Chrysler is willing to let market share slide in the short term to further its longer restructuring goals, the company's chief executive said in a presentation of his business plan to members of Congress on Tuesday.
Sergio Marchionne, who heads the Fiat-led Chrysler venture, also indicated at a meeting with lawmakers that Chrysler's Sterling Heights, Michigan, assembly plant would remain open into 2011, said Representative Candice Miller.
Chrysler had said the plant, where the Sebring and Dodge Avenger roll off the line, would close as part of its North American restructuring.
Miller, whose district includes Sterling Heights, said Marchionne indicated the Sebring would be a big part of Chrysler's business plan for the revamped mid-sized sedan segment even though it may wind up being produced somewhere other than Sterling Heights in the long run.
As part of the overhaul, Marchionne plans to streamline Chrysler's vehicle lineup and focus the Dodge brand on cars and minivans. Producing more fuel efficient engines is a cornerstone of the turnaround plan. Some vehicles would be re-engineered to work on a Fiat platform.
Near-term production would continue at Sterling Heights after which Chrysler would evaluate where to build future products. Marchionne indicated the Sebring still would be built in the United States and Miller said Sterling Heights was prepared to compete for the permanent work.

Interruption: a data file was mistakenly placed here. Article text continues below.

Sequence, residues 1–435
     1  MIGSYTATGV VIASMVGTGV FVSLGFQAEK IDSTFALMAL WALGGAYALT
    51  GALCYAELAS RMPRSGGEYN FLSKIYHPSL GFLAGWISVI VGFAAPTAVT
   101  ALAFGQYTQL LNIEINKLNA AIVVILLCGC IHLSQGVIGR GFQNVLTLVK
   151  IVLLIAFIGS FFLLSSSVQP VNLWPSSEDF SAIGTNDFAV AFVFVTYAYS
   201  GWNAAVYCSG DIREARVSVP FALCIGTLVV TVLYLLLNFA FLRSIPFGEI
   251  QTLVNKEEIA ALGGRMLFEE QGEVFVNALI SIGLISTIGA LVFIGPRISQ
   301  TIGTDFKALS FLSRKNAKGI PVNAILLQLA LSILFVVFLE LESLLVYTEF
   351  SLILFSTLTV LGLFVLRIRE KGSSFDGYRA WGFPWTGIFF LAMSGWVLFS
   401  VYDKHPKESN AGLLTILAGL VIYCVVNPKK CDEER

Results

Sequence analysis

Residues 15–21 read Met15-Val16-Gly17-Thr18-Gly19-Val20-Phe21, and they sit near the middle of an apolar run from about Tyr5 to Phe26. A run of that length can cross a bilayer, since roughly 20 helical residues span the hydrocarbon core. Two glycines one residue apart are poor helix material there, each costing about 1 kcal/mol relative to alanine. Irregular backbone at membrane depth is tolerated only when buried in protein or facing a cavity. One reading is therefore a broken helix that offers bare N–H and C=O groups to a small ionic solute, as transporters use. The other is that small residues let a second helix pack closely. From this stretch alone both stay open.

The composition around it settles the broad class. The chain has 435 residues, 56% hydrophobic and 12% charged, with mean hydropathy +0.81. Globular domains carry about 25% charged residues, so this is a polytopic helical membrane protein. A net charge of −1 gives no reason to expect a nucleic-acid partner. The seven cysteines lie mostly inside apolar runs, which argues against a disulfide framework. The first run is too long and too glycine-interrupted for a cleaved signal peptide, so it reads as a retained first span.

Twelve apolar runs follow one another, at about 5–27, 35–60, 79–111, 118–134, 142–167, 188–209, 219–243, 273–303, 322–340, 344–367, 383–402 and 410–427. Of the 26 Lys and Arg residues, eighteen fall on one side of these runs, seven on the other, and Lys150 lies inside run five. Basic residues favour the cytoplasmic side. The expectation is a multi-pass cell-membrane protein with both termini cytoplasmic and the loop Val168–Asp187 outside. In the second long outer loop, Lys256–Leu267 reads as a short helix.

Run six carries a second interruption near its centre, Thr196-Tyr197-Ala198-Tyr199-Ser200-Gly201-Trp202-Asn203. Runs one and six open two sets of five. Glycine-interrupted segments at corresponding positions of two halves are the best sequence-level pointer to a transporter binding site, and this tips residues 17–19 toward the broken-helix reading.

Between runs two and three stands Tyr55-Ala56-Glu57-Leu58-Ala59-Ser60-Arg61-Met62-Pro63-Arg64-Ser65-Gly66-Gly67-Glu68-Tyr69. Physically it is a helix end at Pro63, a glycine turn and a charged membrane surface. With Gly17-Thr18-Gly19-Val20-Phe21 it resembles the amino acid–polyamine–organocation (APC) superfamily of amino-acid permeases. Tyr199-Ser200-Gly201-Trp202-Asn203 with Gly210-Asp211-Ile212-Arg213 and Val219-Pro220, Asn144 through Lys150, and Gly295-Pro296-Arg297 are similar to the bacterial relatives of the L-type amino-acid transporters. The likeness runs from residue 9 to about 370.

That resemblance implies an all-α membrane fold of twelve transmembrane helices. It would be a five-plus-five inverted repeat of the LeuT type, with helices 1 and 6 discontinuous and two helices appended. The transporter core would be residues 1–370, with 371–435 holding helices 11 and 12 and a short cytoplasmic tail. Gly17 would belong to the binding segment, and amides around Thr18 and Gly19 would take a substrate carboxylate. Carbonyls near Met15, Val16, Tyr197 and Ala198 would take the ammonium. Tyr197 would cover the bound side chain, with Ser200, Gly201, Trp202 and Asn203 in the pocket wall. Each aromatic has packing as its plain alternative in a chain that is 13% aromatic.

Marchionne did not make any specific requests of Congress during a presentation of his business plan, members who attended the meeting said.
His preference is to come back to talk to us and bring us a check, Miller said.
The government extended $14 billion in aid to Chrysler before and after its bankruptcy. About $5 billion has been written off while another $7 billion in loans are due to be repaid over the next several years.
Accounting for the rest of its investment, the U.S. Treasury holds a nearly 10 percent equity stake that will be sold at some point.
Chrysler has said it hopes to repay its loans by 2014.
Another source with knowledge of the meeting but who did not speak for attribution said Marchionne is very focused and is willing to let market share slide in the short-term in order to improve brand integrity and make the company profitable.
Chrysler U.S. sales were off 25 percent in November compared with the year-ago period. By comparison, Ford Motor Co
We are not planning miracles at Chrysler, Marchionne told policymakers in a speech on Monday in Washington.
But Marchionne's financial objectives for the company are ambitious. Chrysler hopes to break even on an operating profit basis by 2010 and break even on a net profit basis by 2011, according to its turnaround plan unveiled in November.
With Chrysler smaller than GM and in worse financial shape ahead of bankruptcy, the Obama administration debated fiercely about whether to save Chrysler, according to Steven Rattner, the former head of the government task force that oversaw the restructuring.
Representative Gary Peters, who represents the district where Chrysler headquarters is located in Michigan, said that Marchionne laid out a compelling strategy in the meeting that will allow Chrysler to quickly return to profitability and gain market share.
(Editing by Steve Orlofsky; Editing by Phil Berlowitz)